Grace was born on May 6, 1927 and Fran in 1928. Grace developed rheumatic fever at the age of ten, which caused severe joint pain and damage to her heart. She spent much time in the hospital throughout her life because of this condition. In 1942 she was placed in a convalescent home, Irvington House, in New York, where she was with other girls who also had serious heart conditions from rheumatic fever; she left there at age 16. She was able to graduate from Yonkers Community High School in 1944.
As early as twelve years of age, Grace's thoughts went to others, writing many letters to the President and to the newspapers describing how the poor and elderly were treated in hospitals. In 1943, she and Fran joined American Youth for Democracy, also known as the Jefferson Club. They were active in the YWCA (Young Women's Christian Association), with Fran starting the Yonkers High School YWCA. Grace started the Y-teen HEP Club in 1952, after sister Rosalie complained of a lack of social activities in their area, and a World Correspondence Library in 1953. Both Grace and Fran had a life-long desire to right injustice, and they were actively involved in speaking out against racism, poverty, segregation, discrimination against women, and war for the rest of their lives. They were affiliated at times with the War Resisters League, the Women's International League for Peace and Freedom (having been introduced to it by their friend, lawyer Esther Frankel), and the Oakland Civic League (which Grace and Fran started).
In July 1945, the Contrino family moved to Oakland, New Jersey, in the hope that the country air would benefit Grace's health. She got a job as a secretary while Fran finished high school; in 1947 Grace started taking a few evening classes at a teacher's college. For some years after she would have to quit her job and other activities to spend weeks or even months in the hospital with bouts of rheumatic fever. By 1960 both Grace and Fran had finished college, and Grace was hired as a grade school teacher in Oakland, New Jersey. In 1962 Grace moved to Miami Beach, Florida, and was hired to teach fifth grade at Central Beach Elementary School. She moved on to teach government and civics at the Ida Fisher Jr. High School after a year, and sister Fran took over the fifth grade teaching position. In the 1970s, Grace changed over to the high school to teach social studies. She observed how her students were not being taught skills in resolving problems nonviolently, and she suggested to Fran that they co-write a curriculum for this.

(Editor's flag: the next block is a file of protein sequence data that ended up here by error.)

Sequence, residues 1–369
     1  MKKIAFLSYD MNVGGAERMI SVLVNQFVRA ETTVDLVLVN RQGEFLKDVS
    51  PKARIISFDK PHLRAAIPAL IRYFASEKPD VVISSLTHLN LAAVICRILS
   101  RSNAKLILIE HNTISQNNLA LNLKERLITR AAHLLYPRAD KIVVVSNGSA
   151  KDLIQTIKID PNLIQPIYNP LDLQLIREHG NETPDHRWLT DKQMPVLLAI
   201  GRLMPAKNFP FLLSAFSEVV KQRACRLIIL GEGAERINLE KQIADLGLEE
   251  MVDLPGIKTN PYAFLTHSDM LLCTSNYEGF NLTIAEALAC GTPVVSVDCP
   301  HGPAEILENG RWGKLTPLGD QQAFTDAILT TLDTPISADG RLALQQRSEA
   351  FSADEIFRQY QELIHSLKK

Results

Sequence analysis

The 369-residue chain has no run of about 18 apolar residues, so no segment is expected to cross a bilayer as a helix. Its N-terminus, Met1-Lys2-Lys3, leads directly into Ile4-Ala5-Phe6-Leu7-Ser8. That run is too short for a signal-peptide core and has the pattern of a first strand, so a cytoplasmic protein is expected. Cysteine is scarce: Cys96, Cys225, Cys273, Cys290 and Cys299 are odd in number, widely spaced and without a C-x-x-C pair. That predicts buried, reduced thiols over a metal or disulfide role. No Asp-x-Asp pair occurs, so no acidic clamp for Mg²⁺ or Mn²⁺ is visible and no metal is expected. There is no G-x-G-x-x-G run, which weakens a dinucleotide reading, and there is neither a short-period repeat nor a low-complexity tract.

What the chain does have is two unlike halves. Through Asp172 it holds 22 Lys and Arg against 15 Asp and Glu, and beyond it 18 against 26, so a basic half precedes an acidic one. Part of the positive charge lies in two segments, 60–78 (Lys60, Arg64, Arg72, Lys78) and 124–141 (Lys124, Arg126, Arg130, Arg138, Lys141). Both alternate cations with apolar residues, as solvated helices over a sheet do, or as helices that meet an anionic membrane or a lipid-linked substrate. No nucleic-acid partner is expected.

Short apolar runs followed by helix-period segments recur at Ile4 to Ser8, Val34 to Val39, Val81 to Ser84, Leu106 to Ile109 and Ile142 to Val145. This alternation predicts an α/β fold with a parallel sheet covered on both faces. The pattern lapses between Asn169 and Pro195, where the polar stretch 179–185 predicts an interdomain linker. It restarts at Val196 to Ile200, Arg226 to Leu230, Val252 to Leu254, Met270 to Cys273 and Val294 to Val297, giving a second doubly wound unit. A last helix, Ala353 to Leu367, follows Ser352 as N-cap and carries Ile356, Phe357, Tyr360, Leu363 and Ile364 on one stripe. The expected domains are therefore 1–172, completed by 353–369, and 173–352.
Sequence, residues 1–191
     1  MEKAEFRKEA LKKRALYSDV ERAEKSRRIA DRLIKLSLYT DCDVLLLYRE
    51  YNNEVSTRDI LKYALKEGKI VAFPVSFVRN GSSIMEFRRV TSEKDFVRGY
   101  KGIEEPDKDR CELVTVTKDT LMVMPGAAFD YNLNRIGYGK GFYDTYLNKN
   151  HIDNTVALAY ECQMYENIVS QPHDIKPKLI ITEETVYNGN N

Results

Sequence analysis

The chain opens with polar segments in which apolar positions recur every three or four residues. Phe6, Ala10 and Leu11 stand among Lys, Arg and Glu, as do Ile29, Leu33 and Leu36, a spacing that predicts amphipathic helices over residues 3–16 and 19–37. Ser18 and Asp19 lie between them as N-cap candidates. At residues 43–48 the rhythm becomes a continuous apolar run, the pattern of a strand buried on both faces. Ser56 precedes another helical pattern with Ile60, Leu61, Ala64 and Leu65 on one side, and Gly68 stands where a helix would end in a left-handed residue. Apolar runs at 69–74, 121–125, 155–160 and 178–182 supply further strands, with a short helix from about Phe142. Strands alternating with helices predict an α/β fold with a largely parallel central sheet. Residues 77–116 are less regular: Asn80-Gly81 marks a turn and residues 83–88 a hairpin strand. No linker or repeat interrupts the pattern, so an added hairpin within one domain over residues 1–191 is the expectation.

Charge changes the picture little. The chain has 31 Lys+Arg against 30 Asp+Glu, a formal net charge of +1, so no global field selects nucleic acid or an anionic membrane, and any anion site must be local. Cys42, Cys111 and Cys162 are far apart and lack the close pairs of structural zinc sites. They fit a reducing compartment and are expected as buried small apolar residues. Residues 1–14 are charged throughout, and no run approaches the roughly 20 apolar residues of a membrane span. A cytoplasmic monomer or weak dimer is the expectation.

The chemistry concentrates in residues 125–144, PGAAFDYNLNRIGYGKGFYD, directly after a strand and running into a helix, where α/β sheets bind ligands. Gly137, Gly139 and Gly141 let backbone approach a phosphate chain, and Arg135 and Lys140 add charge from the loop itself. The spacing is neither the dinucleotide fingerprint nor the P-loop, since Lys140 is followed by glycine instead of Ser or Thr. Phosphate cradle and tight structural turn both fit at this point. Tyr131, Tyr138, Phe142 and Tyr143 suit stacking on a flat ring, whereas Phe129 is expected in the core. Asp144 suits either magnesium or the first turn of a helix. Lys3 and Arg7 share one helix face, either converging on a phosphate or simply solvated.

The Jane Addams Peace Association published the "Learning Peace" curriculum in 1972, and it was very well received around the country. This led to Fran and Grace leading workshops and giving talks on peace education, and to writing even further curriculum. "Peace Is In Our Hands" was published in 1974. Invitations to speak continued unabated. Grace and Fran were working on a book entitled "Must There Be War?" but it was never completed.
Grace married Ray Abrams on November 25, 1965. Fran had married some years earlier; she and her husband and children moved to Florida in 1963 or 1964. Grace had heart surgery in 1976, but it was not enough to return her to full health; she died from a heart attack on December 27, 1979.